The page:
P and J defended the front of the properties whilst S patrolled the back yards putting out embers that had flown across the roofs towards the back gardens. We had left our house and property as well as next door fully soaked, our pumps remained on and each hose was marked with glow sticks so they could be seen. Later J told me, "We didn't need the glow sticks the night was very bright!"
As we were fighting the rain of red embers from the sky falling around us at the shop, this is what J and P faced:
This was a video taken as one of our fellow villagers was defending his place. As you can see he had his hose going continually. It is easy to say, "He saved his house". It is more incredible when you see what he saved it from.
|Doesn't look like much now|
|The humble Wheelie Bin. AKA Fire defence gear.|
You can see here why it is so important to have a team of neighbours in your defence. Can you imagine what it would be like trying to do this on your own?
While embers were racing across the ground and in the sky, these three great neighbours were watering everything and watching for embers catching anywhere.
The RFS at one point came by and helped with a shed over the road that had caught fire but seeing that J and P were coping with the situation, had to leave as they had other houses up the road to save.
After many hours of fighting the fires had passed through and the height of the ember attack had settled. The result was a strip of houses saved. Other than al the area to the rear of the houses opposite us that were at the front of the fire - but not the houses - the main part of the homes on our side of the road burned was part of the further neighbour's overgrown hedge trees and J managed to get that out before it escaped and destroyed his house.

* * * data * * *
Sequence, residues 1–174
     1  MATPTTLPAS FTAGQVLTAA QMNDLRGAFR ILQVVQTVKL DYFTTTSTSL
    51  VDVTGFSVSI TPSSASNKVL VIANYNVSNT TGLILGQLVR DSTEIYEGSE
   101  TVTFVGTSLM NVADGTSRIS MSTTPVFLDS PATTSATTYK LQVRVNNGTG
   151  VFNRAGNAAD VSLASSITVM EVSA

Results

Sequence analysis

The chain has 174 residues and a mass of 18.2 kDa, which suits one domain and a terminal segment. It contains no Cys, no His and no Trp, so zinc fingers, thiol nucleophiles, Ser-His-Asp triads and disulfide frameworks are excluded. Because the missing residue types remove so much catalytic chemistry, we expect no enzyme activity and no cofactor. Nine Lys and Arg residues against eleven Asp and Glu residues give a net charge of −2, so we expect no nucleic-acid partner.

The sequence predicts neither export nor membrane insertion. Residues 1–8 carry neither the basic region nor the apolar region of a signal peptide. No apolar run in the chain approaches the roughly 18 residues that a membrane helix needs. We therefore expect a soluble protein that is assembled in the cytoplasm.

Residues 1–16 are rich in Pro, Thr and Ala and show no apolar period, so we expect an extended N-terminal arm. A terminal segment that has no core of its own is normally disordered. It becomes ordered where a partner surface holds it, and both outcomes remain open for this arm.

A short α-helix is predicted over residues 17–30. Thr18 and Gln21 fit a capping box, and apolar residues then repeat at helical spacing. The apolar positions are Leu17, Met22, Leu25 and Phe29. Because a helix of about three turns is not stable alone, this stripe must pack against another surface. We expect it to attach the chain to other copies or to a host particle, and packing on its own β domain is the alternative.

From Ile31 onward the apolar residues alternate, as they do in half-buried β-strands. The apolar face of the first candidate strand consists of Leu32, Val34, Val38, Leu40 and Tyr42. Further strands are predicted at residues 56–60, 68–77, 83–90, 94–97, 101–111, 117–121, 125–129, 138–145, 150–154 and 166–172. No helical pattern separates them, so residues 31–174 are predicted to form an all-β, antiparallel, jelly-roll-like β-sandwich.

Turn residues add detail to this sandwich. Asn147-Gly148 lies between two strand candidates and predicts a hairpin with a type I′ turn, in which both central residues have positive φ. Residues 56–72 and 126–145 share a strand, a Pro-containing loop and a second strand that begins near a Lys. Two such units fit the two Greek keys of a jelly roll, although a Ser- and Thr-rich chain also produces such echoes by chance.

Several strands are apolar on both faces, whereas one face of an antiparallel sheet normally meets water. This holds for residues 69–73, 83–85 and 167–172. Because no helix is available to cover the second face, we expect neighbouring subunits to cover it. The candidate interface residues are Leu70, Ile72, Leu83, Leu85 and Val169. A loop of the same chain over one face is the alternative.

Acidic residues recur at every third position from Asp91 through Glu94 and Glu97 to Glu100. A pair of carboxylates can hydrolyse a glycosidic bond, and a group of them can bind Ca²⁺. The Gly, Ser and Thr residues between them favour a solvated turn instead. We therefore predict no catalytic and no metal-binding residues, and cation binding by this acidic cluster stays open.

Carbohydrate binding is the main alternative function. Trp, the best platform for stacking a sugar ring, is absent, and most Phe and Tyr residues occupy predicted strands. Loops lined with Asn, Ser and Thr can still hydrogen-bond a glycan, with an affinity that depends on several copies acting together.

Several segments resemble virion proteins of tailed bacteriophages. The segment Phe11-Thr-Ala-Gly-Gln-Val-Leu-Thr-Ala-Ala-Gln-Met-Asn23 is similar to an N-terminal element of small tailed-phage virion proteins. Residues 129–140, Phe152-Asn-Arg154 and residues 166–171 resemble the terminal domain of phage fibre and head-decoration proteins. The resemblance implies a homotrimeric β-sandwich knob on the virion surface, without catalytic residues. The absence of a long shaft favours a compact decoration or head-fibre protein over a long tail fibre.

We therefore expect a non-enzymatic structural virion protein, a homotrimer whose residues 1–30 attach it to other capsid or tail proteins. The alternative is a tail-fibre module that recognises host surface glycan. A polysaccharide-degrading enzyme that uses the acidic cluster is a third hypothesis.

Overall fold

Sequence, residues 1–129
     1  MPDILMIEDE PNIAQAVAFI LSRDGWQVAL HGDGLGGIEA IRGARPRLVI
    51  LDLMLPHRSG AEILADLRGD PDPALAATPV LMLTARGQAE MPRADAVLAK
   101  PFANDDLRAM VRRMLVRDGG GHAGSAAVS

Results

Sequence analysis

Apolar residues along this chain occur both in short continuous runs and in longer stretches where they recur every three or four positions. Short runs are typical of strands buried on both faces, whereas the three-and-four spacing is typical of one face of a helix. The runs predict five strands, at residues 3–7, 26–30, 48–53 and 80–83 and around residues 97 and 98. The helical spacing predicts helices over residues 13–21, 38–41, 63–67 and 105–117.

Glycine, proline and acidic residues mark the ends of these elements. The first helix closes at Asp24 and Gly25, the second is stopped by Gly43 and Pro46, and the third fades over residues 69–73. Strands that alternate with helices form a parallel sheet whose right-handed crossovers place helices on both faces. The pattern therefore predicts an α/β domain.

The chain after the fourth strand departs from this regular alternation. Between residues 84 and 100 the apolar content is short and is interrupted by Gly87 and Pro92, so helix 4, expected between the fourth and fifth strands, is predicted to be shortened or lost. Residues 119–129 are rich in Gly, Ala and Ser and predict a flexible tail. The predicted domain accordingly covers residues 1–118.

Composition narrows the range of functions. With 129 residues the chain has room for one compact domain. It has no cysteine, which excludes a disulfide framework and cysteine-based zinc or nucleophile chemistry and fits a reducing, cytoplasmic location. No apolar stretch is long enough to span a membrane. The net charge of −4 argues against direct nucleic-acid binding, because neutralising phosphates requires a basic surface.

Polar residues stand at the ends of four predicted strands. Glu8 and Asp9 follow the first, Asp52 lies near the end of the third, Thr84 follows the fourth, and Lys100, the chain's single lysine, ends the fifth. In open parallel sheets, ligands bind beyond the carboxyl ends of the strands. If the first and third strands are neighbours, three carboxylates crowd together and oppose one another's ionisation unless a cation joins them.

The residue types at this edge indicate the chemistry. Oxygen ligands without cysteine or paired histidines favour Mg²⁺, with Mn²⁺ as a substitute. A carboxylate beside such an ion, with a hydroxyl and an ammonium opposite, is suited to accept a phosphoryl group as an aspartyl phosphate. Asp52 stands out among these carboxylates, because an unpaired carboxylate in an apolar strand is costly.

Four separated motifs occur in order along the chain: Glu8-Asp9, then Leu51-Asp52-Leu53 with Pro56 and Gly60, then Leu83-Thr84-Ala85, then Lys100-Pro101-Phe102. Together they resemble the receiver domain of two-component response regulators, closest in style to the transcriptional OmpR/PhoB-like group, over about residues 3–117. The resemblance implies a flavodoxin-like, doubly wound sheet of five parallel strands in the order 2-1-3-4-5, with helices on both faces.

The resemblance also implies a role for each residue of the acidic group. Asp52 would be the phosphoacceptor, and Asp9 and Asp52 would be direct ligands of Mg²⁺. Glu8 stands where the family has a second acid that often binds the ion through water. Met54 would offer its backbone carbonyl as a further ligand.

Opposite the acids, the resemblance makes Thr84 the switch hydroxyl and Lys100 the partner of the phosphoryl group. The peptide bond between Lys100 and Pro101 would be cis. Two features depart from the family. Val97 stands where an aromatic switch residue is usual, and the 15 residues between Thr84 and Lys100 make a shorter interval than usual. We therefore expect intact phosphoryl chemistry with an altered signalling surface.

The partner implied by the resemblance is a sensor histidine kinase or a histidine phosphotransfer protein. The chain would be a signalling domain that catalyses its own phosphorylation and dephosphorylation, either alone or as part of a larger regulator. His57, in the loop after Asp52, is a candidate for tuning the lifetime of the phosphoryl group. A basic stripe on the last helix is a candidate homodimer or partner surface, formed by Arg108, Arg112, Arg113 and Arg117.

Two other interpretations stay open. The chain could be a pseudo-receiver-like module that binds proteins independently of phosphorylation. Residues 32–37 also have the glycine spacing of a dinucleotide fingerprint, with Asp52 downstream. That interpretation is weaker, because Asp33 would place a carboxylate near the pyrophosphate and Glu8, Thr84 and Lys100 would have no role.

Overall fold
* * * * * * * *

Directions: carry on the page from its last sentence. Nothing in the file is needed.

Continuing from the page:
If you decide you cannot defend your house, you really should make sure your house is as fully prepared as possible. Clear away as much excess vegetation as possible, remove as many fuel sources and debris. Water everything down as much as possible. If you have fire fighting gear such as hoses or pumps, have it all laid out so your neighbours can quickly use it if needed. The lady further up didn't have hoses but had watered everything down and left as many buckets and containers of water all around the property. J told me this was very helpful when he had the chance to range further down the road to her house.
Our neighbour across the road had done this. We worked with him and knew where all the hoses, water sources and everything else was. Once the ember attack began, we went into his place and turned on all the sprinklers and other defences he had in place. That is how neighbours work together.
What you don't do is say you are going to stay, do nothing to prepare, then leave with your fire fighting gear. Fire does not respect neighbourhood fences. Saving the neighbour's house may save your own.
We tried hard to thank both our neighbours but like everyone in Wingello, they just shrugged it off and said, "It's what we do." We thanked them anyway.